The non-dual Absolute Vrajendra-nandana has Himself manifested as the Śrīmad Bhāgavata.

nigama-kalpa-taror galitaṁ phalaṁ
śuka-mukhād amṛta-drava-saṁyutam
pibata bhāgavataṁ rasam ālayaṁ
muhur aho rasikā bhuvi bhāvukāḥ

“O rasikas, relish the mature fruit of the Bhāgavatam, the desire tree of the Vedas which emanated from the lips of Śuka. Therefore this fruit has become even more tasteful, although its ambrosial nectar was already relishable for all, including liberated souls.” (Bhāg.1.1.3)

The Śrīmad Bhāgavata is the matured fruit of the desire tree of the Vedas – it is naturally the real purport of the Vedas. If one studies the Śrīmad Bhāgavata along with Vedānta-sūtra, one will see that the Śrīmad Bhāgavata is the natural commentary on the Vedānta-sūtra. In Vedānta the necessity of brahma-jijñāsa (inquiry into Brahman) has been ascertained, and in the first sūtra the Vedānta has been further explained with, janmady asya yatah and it finally concludes with, anāvṛttiḥ śabdāt anāvṛttiḥ śabdāt. The Śrīmad Bhāgavata begins with the verse, janmādy asya yato ’nvayād itarataś cārtheṣv abhijñaḥ svarāṭ etc. and ends with the śloka, nāma-saṅkīrtanaṁ yasya etc. In this way the explanation of each and every sutra of the Vedanta can be harmonised with proper examples and ślokas from the Bhāgavata and they can be elaborately understood. Within them we can observe the amazing confluence of the Vedas, kavya (poetry) and the Purāṇas.

arva-vedetihāsānāṁ sāraṁ sāraṁ samuddhṛtam

“It is the extraction of the quintessence of all the Vedas and the Itihāsa.” (Bhāg. 1.3.41)

 Within this Śrīmad Bhāgavata, the complete essence of all the Vedas and Itihāsa has been preserved.

sarva-vedānta-sāraṁ hi śrī-bhāgavatam iṣyate
tad-rasāmṛta-tṛptasya nānyatra syād ratiḥ kvacit

“The Śrīmad Bhāgavatam is accepted as the essence of all the Vedānta. One who is satiated by the rasa of this book is never attracted to anything else.” (Bhāg, 12.13.5)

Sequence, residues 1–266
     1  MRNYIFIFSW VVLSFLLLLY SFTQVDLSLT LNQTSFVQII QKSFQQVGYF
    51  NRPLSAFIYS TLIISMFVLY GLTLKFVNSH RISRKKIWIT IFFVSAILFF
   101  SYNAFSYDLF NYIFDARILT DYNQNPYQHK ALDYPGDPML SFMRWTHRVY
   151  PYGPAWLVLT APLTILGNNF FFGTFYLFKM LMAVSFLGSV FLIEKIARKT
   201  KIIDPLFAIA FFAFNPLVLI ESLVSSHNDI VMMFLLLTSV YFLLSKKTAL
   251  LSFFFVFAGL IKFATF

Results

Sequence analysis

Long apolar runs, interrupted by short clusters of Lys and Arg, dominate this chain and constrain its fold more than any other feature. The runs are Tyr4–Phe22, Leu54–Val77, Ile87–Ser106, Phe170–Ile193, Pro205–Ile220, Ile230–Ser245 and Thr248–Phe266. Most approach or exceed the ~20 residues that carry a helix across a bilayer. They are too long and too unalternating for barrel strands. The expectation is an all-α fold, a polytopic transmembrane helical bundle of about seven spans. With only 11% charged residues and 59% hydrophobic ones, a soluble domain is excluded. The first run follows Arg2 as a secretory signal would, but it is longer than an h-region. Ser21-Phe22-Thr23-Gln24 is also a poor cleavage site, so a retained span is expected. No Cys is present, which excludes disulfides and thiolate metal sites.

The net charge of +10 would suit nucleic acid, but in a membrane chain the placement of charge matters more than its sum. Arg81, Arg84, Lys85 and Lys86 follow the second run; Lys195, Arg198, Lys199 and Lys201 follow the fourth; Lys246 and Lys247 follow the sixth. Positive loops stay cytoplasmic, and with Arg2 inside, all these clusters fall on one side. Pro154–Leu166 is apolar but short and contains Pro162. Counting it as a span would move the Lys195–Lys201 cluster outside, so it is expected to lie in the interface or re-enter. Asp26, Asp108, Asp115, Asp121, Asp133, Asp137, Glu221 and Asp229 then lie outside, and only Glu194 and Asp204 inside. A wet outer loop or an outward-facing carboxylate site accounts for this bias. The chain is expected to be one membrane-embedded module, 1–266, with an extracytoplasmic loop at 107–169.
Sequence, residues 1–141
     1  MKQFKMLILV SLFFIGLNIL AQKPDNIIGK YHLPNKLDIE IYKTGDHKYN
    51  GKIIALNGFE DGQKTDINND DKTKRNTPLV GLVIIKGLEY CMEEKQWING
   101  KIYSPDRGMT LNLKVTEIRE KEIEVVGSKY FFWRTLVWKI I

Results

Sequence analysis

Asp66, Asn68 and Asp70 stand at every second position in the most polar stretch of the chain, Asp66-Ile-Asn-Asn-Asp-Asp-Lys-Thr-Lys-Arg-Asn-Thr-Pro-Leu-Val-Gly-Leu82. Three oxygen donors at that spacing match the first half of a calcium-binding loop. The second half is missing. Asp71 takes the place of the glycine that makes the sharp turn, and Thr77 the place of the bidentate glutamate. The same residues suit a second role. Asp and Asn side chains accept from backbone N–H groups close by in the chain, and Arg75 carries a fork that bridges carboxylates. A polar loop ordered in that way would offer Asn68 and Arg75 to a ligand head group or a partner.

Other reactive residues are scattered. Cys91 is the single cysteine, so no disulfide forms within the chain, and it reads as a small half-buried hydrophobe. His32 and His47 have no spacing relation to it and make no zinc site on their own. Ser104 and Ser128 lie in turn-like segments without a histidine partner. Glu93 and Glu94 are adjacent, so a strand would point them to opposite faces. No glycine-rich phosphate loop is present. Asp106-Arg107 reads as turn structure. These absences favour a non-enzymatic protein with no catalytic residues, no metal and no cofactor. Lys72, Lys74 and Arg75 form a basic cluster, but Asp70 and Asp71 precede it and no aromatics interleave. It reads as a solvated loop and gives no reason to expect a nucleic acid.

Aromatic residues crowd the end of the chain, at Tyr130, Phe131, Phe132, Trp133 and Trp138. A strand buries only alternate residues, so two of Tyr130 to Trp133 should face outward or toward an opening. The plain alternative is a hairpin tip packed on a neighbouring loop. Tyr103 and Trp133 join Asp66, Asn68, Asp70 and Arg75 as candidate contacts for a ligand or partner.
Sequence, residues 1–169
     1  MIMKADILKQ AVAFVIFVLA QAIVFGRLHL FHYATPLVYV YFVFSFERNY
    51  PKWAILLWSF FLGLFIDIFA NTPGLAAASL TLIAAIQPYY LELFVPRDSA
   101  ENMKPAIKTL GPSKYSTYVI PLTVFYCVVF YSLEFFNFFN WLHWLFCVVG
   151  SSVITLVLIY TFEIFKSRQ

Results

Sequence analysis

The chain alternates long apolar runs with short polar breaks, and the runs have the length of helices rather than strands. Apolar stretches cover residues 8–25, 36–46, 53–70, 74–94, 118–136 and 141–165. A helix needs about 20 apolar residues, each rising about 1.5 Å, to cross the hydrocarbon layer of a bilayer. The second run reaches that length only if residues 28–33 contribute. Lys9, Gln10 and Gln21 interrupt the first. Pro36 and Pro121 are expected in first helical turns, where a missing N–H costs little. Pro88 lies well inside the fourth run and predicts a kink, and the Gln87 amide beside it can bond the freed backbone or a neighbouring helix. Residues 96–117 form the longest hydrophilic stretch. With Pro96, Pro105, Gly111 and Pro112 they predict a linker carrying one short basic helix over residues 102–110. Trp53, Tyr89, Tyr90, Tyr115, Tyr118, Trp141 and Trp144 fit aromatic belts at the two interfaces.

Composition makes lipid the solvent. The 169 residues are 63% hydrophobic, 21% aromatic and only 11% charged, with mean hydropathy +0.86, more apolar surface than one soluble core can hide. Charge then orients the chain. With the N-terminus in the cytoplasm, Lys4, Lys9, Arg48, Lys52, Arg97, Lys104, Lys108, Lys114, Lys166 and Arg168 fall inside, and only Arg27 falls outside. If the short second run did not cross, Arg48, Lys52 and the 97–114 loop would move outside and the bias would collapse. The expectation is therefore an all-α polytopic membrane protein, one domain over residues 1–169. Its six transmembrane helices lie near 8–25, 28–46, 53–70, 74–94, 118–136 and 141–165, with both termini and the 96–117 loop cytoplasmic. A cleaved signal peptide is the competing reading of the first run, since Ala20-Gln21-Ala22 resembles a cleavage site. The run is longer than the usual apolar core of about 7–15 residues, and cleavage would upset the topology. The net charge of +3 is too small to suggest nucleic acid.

If one gets even a slight taste for the Śrīmad Bhāgavata one will not have attraction for anything else. In the Bhāgavata, the words, projhita-kaitava mean that it completely rejects any form of deception based on the four categories of selfish interests (dharma, artha, kāma, mokṣa) etc. and it manifests the real object of truth.

prthivite yata kathā dharma nāme cale
bhāgavata kahe tāhā paripūrṇa chale

“Whatever is going on in the world in the name of religion, the Bhāgavata states that it is all cheating.” (Jaiva Dharma)

The Bhāgavata makes such a great claim! It requires men of strong character to listen to its non-envious truth. The potencies of all truthful elements are surrendered unto it. The endeavours of all of our material senses fail in competing with it. Again, with its very help, the Lord, who is supremely independent of all things, becomes captured within a heart laden with a service mentality. Śrīmad Bhāgavata says that when one understands the supremely independent Lord, all the various material activities of humans become useless. Only He can reveal Himself, otherwise it is not possible to know anything simply by our personal endeavours.

na cānya eko ’pi ciraṁ vicinvan

“They can never understand Him, even after studying for a great length of time.” (Bhāg.10.14.29)

Without surrendering to Him, even if we search for very long time, the attempt to know about Him will be totally futile.

tasmād idaṁ jagad aśeṣam asat-svarūpaṁ
svapnābham asta-dhiṣaṇaṁ puru-duḥkha-duḥkham
tvayy eva nitya-sukha-bodha-tanāv anante
māyāta udyad api yat sad ivāvabhāti

“My Lord, this temporary material world, which is like a dream and thus we are suffering the miseries of material existence, trying to enjoy this dream. It has such potency because it has emanated from you, who are the source of everything. It is all your divine energy, though when we are bewildered, we see it as something separate.” Bhāg.10.14.22)